We've recently had a question about the game Uncharted 4.
Is this game on topic for SFF:SE? Does it contain significant elements of the supernatural such as ghosts, zombies, djinn or other such fantasy tropes?
The game's multiplayer cooperative mode contains very significant fantasy elements including magical powerups and zombie Djinn pirates. It's hard to say how this mode ties into the (plotted) single player game, but it's also something that can't be ignored.
Interestingly, in an interview in 2009 (prior to the release of U4), the game's 'Lead Designer' Evan Wells stated that the supernatural elements were in fact potentially explicable without needing to invoke fantasy.
The first Uncharted takes a swing towards Doom territory towards the end. Is that going to happen in this game?
EW: *Part of that is that there are mystical elements to the world that don't necessarily have a supernatural explanation. We really try to walk that X-Files line where there could be a real world explanation. So I don't know if we made the point clear enough in the first game. But the idea was that there was this virus trapped inside that sarcophagus, or that mummy, for thousands of years. It was released, and of course these people have no immunities built up to this virus and it has some really nasty effects.
People that survived the effects inbred and they created those creatures that we saw in the first game. That was the more scientific explanation as opposed to the mystical one, that they are just demons.*
While the game's 'Lead Multiplayer Designer' Robert Cogburn is adamant that the supernatural permeates the entire game series as well as its subsidiary materials.
You talked about the Mysticals. Can you talk about the decision to include these supernatural powers in multiplayer? All three previous Uncharted games end up taking these weird supernatural twists. Is this your effort to carry that between the two modes?
RC: Absolutely. It was something we intended to do from the very start. The Mysticals span the entire Uncharted universe, not only from the games, but from the books and the comics and such. The elements that they bring into the moment-to-moment multiplayer really mix things up and they can be used in such a tactical way that they're not overpowering. None of the Mysticals are a one-hit kill.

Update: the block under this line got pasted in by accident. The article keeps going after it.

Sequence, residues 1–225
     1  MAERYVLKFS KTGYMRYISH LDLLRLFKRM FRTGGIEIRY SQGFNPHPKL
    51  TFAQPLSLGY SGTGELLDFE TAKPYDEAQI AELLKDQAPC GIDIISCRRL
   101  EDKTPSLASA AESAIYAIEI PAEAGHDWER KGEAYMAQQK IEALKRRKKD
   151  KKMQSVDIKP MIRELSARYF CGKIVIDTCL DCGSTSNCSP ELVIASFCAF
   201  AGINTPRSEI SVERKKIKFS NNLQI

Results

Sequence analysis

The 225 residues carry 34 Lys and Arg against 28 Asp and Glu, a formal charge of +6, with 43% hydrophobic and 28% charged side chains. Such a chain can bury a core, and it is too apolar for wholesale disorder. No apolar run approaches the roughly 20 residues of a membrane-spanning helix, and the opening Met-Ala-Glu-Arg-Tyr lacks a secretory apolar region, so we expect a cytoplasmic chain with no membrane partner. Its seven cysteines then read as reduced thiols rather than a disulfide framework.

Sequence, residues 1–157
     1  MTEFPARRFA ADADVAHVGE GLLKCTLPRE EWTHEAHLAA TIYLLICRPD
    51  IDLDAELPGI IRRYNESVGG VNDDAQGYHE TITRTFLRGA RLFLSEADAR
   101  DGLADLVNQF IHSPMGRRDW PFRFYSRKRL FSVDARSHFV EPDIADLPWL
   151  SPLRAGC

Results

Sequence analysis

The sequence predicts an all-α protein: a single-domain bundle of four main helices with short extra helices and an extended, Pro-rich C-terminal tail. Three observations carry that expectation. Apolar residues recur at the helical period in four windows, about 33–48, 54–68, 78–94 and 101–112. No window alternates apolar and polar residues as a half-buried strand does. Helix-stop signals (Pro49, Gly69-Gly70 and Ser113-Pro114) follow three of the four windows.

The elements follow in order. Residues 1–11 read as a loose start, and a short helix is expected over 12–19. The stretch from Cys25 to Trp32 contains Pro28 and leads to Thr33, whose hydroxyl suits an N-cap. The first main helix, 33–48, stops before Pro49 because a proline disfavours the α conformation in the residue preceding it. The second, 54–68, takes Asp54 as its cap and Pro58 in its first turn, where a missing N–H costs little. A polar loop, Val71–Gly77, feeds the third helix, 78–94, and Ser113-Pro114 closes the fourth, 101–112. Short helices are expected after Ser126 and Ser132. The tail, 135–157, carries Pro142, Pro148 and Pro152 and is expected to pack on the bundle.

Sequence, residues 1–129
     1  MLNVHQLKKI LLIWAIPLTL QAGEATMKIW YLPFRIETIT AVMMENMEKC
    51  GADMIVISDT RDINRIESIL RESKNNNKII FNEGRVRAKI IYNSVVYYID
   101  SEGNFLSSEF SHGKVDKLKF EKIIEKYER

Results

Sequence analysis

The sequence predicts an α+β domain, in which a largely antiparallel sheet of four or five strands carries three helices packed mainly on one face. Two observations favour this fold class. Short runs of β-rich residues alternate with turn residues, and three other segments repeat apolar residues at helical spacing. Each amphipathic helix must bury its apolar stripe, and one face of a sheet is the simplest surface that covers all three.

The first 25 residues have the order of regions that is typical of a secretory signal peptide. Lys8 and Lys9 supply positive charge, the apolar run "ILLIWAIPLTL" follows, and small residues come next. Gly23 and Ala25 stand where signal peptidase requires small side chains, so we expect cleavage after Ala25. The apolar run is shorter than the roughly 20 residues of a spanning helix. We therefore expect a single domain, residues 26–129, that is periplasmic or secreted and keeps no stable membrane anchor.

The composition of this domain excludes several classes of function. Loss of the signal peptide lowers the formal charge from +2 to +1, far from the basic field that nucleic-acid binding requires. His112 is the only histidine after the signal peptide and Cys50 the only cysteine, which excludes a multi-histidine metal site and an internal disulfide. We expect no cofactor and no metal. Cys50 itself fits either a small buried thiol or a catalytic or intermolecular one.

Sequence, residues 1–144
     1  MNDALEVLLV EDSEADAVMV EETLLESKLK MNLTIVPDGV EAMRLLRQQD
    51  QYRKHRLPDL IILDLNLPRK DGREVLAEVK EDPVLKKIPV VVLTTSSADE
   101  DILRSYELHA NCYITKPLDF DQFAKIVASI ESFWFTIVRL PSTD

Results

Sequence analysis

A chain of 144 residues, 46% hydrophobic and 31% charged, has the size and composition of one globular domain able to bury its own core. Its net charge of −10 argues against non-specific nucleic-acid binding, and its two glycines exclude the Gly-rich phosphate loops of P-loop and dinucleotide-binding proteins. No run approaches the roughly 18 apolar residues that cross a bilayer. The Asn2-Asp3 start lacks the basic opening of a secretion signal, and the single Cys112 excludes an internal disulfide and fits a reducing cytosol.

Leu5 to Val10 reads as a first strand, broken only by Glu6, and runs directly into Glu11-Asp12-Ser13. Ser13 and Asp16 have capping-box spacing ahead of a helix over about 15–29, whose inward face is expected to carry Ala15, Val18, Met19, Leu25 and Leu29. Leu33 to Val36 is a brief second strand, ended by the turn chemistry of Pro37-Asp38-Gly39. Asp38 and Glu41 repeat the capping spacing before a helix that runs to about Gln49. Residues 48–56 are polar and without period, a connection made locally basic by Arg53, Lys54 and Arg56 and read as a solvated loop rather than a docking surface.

From the start, with this sort of being our last game, it was really something we wanted to try to pull off in terms of fan service, and it just gave us a lot more flexibility that we didn't have previously. In Uncharted 2 and 3, it was a pretty grounded experience. For Uncharted 4, we wanted to make sure that we elevated the action. Mysticals really helped us do that.
Uncharted 4 has no appreciable speculative fiction content, as the plot description here would seem to indicate. There’s a lost, ruined pirate colony that probably never existed in real life, but this is mere historical conspiracy a la National Treasure, not a true alternative history.
Some previous games in the Uncharted series do have significant speculative fiction content. For example, according to the Wikipedia description of the first game:
Looking for a way out, Nate finds a letter written by Drake exposing the truth: El Dorado is protected by a curse that turned both the Spanish colonists and the German soldiers into monsters. Drake sought to destroy it, but the creatures killed him before he could, a picture reveals that Drake’s corpse was in front of the statue before it was moved by the Germans.
However, the supernatural elements of the games were gradually toned down, with the most supernatural thing in the third installation of Uncharted being a really strong drug that was once possessed by King Solomon. The fourth installment, the one in question, lacks even this minor element.
Per this consensus, if a sequel contains science fiction and fantasy content, that does not automatically make the original work on-topic. This logically extends to situations in which one work in a series is science fiction and fantasy, and others are not—as is the case with Uncharted. There having been one supernatural game in the series does not make the rest on-topic.